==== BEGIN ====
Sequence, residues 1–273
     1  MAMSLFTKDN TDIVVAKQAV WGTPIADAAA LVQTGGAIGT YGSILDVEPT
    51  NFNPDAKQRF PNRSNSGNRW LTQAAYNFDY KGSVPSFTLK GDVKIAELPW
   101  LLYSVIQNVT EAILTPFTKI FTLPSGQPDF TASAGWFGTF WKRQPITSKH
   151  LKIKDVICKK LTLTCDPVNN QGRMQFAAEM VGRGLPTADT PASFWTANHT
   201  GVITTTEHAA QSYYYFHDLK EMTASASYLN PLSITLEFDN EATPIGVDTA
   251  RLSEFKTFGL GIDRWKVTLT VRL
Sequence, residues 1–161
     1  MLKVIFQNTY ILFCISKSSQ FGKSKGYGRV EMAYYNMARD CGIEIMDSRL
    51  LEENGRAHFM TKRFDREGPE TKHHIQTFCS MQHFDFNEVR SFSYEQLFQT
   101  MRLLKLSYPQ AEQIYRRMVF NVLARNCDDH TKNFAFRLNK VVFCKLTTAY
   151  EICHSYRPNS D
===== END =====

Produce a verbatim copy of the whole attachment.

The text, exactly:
Sequence, residues 1–273
     1  MAMSLFTKDN TDIVVAKQAV WGTPIADAAA LVQTGGAIGT YGSILDVEPT
    51  NFNPDAKQRF PNRSNSGNRW LTQAAYNFDY KGSVPSFTLK GDVKIAELPW
   101  LLYSVIQNVT EAILTPFTKI FTLPSGQPDF TASAGWFGTF WKRQPITSKH
   151  LKIKDVICKK LTLTCDPVNN QGRMQFAAEM VGRGLPTADT PASFWTANHT
   201  GVITTTEHAA QSYYYFHDLK EMTASASYLN PLSITLEFDN EATPIGVDTA
   251  RLSEFKTFGL GIDRWKVTLT VRL
Sequence, residues 1–161
     1  MLKVIFQNTY ILFCISKSSQ FGKSKGYGRV EMAYYNMARD CGIEIMDSRL
    51  LEENGRAHFM TKRFDREGPE TKHHIQTFCS MQHFDFNEVR SFSYEQLFQT
   101  MRLLKLSYPQ AEQIYRRMVF NVLARNCDDH TKNFAFRLNK VVFCKLTTAY
   151  EICHSYRPNS D